Underneath tantrums, sibling fights, entitled “me, mine, give me more” demands, back talking and power struggles are messages. Messages that can reveal what a child is feeling, thinking and deciding. Messages that when understood can help us better respond, connect and guide our children. One of the principles behind positive parenting is understanding that all behaviors are purposeful.
Behind a tantrum may be a request for connection and help expressing difficult emotions. Behind back talk might be a message of discouragement.
But what about when children are acting in entitled and demanding ways?
- What should a parent understand about a child that expects and demands a bribe or a reward for being “good”?
- What does it mean if a child doesn’t want to participate in household chores – ever – or without an endless struggle?
- What if a child has difficulties accepting responsibility for his own mistakes and always blames others?
- What if a child is sure rules just don’t apply to them because they are special?
- What if a child pouts and nags until you give in into requests for big new toys and overpriced clothes?
- What if a child whines, tantrums and screams to be sure she gets what she wants, when she wants it?
- What if a child is focused on “me, mine, my stuff” and doesn’t seem to be grateful or caring of others?
On the surface, these behaviors can be quickly summarized as demanding, whiny and entitled behaviors.
What is behind your child’s entitled, demanding, attention seeking behaviors?
What we typically think of “good” behaviors, like listening, cooperating, helping around the house, being flexible, playing nicely…these tend to come to the surface when a child has all of her basic needs being met on a consistent basis.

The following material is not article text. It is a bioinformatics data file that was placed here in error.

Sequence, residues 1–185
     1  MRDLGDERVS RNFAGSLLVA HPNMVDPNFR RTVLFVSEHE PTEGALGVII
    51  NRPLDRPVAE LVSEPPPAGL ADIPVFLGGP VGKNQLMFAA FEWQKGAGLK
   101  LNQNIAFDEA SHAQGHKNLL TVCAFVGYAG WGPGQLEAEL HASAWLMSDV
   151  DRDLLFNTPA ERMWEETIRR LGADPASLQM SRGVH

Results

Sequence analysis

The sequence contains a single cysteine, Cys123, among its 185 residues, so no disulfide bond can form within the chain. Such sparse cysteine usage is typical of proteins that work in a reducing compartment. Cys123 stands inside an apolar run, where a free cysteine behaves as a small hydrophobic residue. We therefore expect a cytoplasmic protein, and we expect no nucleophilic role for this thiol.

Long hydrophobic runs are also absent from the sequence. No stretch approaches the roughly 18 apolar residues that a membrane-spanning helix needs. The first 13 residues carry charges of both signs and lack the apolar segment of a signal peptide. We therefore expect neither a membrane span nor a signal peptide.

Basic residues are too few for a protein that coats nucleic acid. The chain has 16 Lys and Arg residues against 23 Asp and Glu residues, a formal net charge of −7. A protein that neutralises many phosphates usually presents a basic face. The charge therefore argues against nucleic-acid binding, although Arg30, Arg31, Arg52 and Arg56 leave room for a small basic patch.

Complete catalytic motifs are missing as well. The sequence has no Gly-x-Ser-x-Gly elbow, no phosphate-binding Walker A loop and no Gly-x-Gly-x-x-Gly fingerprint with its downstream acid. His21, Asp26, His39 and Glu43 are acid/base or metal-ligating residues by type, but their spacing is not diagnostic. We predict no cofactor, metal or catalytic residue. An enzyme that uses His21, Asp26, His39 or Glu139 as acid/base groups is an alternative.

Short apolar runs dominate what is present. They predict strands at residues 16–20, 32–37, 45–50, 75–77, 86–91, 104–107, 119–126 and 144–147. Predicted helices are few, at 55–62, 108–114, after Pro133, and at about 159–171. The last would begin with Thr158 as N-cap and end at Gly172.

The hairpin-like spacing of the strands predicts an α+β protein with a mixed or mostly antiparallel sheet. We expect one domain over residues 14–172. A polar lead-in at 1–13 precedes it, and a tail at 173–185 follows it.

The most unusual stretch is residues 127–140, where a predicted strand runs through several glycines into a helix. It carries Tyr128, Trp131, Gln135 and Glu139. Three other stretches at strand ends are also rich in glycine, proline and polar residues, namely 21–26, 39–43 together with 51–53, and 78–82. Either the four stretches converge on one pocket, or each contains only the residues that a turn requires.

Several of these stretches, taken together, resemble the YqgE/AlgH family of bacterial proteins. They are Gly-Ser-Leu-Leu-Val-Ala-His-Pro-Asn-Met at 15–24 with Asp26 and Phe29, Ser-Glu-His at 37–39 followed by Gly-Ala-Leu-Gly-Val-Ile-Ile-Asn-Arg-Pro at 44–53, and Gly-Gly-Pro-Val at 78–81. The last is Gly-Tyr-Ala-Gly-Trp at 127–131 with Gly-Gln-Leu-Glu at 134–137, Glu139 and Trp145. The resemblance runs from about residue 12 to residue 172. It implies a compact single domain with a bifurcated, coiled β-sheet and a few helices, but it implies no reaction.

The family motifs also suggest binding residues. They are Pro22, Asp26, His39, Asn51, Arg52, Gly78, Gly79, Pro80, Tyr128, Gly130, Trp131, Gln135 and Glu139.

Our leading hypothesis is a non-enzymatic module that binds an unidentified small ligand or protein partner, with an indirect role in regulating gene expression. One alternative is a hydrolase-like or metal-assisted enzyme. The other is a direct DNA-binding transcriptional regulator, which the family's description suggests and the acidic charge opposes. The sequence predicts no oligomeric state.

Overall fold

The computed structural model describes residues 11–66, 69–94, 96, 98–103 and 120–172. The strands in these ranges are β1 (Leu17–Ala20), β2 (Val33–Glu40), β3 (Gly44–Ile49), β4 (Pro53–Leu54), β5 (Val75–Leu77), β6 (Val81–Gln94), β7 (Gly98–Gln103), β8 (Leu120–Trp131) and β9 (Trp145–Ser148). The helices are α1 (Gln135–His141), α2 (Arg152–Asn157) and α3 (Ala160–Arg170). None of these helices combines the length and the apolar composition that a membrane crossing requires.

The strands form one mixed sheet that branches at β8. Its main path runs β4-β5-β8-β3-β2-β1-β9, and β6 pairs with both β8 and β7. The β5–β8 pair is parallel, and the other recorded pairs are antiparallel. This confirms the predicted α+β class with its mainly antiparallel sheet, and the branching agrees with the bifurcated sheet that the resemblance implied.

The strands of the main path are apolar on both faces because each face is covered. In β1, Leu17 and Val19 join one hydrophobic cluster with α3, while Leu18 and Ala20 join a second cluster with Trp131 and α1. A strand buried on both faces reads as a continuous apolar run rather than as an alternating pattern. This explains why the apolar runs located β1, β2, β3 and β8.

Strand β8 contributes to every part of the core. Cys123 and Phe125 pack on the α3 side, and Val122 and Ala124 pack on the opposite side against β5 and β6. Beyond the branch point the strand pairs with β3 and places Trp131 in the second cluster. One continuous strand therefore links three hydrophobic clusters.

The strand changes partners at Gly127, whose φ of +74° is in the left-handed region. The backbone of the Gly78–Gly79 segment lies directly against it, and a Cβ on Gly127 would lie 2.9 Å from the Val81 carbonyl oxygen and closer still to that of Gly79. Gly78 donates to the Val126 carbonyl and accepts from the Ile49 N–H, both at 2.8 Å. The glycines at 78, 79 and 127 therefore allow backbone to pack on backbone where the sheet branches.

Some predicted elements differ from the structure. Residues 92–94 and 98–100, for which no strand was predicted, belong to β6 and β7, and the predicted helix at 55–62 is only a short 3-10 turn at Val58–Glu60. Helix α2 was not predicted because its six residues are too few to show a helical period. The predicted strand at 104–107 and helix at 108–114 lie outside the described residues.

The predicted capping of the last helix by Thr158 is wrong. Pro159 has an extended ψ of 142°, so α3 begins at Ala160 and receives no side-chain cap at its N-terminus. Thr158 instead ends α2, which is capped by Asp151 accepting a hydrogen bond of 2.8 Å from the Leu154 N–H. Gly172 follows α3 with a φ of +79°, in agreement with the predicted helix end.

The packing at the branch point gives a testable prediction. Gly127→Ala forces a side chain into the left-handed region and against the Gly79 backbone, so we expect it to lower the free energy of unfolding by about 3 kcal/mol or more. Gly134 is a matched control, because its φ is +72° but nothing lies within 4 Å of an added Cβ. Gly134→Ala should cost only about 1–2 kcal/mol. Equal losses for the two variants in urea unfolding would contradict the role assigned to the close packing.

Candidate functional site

When a child senses that her basic needs are not being met, demanding, attention seeking and entitled behaviors are more likely to start creeping up. Whining for every thing, screaming for toys and treats, refusing to help with chores, blaming others…These behaviors (when present all the time) are red flags.
Red flags that signal disconnection, discouragement, insecurity, worry and fear of being unloved, unimportant. And while these behaviors are considered “bad” and “unwanted” it’s much more helpful for you and your child to see these as mistaken or misguided behaviors instead. Signals that your presence and loving guidance are very much needed!
“Attention seeking” is in reality, a child’s natural nine-to-five. By this, I mean that children are by birth driven to search for love, belonging and significance. A sense that they matter, have a purpose and are welcome members of the family. And if these needs are not met, in positive ways, children will gladly settle for negative or unhelpful ways to fullfill their needs.
What’s more, if the negative ways work over and over again, (i.e. tantrums work to get toys and treats, pouting gets that fancy party, yelling gets him out of chores…) and there is a lack of positive, connected attention, and emotional validation, then children will have no reason not to believe that demanding and being entitled is how they must get their needs met.